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1723 Views 12 Replies Latest reply: Jul 6, 2007 5:12 AM by carolcrc RSS
JustLance Amateur 11 posts since
Jul 9, 2007
Currently Being Moderated

Jun 29, 2007 9:51 PM

Do I over train?

Here is the question, am I running too much? I have seen a lot of stuff on running program and training and it think I am missing something. I am in my early forties and started running just this year. I was in "ok" condition when I started on the treadmills in January and moved to outdoor running in March. I was totally hooked. I run an average of 40 miles a week and my pace is between 8:15 and 8:40 minute miles. I haven't had any pain anywhere. I seem to recover my breathing within a couple of minutes and often feel like I should have ran a couple more miles. My typical run is at least 7 miles and usually around 11. I have had other runners tell me I am doing too much and over train and should cut back but I wonder if they are right. Given that I feel fine and have no problems I don't want to run less but I also don't want to wake up one morning and not be able to run due to a stupid injury. Any advice would be nice.

  • Joe_h1 Community Moderator 1,833 posts since
    Jul 9, 2007
    Currently Being Moderated
    1. Jun 29, 2007 10:46 PM (in response to JustLance)
    do you have any rest days or easy weeks?

    your body does need some rest time to come back stronger if you keep beating it down day after day something will eventually get hurt or you will burn out on running





    goals for 2011:

    break 19minutes for 5k

    break 2:42 for olympic triathlon probably Anthracite olympic

    break 3:16 for marathon ( a long shot but it's fun putting yourself out there)

  • Jay Silvio We're Not Worthy 1,775 posts since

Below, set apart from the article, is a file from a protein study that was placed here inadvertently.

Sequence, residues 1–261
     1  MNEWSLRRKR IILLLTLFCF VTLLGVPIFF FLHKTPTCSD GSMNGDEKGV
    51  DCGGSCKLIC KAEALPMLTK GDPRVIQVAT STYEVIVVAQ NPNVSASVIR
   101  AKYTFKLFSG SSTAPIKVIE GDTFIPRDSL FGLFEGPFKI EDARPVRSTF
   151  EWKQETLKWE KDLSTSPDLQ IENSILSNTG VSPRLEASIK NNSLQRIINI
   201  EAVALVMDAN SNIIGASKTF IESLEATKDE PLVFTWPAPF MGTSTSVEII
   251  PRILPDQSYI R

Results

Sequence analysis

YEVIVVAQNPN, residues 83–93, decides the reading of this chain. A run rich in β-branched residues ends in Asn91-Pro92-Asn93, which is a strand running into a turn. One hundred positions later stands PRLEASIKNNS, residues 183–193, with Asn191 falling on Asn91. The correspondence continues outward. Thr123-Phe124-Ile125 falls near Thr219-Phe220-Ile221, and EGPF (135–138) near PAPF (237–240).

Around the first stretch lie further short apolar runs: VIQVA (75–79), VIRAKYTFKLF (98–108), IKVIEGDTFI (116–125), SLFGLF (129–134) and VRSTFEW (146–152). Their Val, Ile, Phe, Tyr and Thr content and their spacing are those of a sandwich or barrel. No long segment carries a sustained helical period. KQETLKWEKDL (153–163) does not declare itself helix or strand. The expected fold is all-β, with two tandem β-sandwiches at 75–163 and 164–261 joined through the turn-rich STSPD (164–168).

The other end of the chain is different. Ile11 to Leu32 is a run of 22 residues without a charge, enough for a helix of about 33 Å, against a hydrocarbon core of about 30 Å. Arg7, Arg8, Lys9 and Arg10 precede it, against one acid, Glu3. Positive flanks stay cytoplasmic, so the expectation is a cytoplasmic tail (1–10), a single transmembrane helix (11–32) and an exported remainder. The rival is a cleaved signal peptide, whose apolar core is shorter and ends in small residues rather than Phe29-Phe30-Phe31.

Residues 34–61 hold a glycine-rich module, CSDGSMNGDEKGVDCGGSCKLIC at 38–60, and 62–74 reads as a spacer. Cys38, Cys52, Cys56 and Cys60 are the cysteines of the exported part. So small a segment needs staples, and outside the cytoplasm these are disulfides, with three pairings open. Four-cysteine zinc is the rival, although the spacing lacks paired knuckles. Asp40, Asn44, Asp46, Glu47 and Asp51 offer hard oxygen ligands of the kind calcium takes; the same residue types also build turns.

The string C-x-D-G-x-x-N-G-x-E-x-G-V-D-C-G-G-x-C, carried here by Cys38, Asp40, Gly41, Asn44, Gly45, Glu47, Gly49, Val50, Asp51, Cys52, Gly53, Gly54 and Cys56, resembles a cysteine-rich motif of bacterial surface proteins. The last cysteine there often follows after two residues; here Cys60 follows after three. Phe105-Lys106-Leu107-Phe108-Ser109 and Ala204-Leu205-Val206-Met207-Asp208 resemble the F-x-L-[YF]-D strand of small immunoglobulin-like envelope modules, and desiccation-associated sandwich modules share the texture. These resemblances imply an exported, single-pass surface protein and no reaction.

Jul 9, 2007
    Currently Being Moderated
    2. Jun 30, 2007 6:55 AM (in response to JustLance)
    Re: Do I over train?

    40 miles per week isn't too much if you are used to it.  If you start to drag or your training times are slow for a few days then you should certainly cut back.  You might also want to consider some shorter days once in a while.  It's OK to throw in a 3-5 mile recovery run every now and then!  Listen to your body: some folks need to take a day or two off each week and others have multi-year streaks of running every day.

  • DaveVause Community Moderator 1,447 posts since
    Jul 9, 2007
    Currently Being Moderated
    4. Jul 1, 2007 3:46 PM (in response to JustLance)
    Re: Do I over train?

    You're running enough miles to do a marathon.  40 mile weeks and more are not unusual for marathoners.  The law of diminishing returns indicates that if you're running for health, doing more than 25 mpw is probably a waste of time.

     

    If you're doing it simply for the fun of it, more power to you.  Many runners give their bodies a "rest" every 2 to 4 weeks with a week where they run 50% to 66% of their maximal mileage weeks.  You may want to consider that.






  • carolcrc Pro 110 posts since
    Jul 9, 2007
    Currently Being Moderated
    5. Jul 2, 2007 5:14 AM (in response to JustLance)
    Re: Do I over train?

    Latest medical info says you maximize the benefits to your heart at about 40 miles a week.  The rest days are important, but it sounds like you are approaching things sensibly.  There are a lot of people who will try to convince you to do less because that is what they are doing - especially if they aren't doing anything!

  • yo-sal Pro 260 posts since
    Jul 9, 2007
    Currently Being Moderated
    6. Jul 2, 2007 11:42 AM (in response to JustLance)
    Re: Do I over train?

    carol, that is so funny - and it's true: those who tell you not to run so much or start talking about people who had heart attacks while running are those who belong to the Big Butts of America Club and never do anything.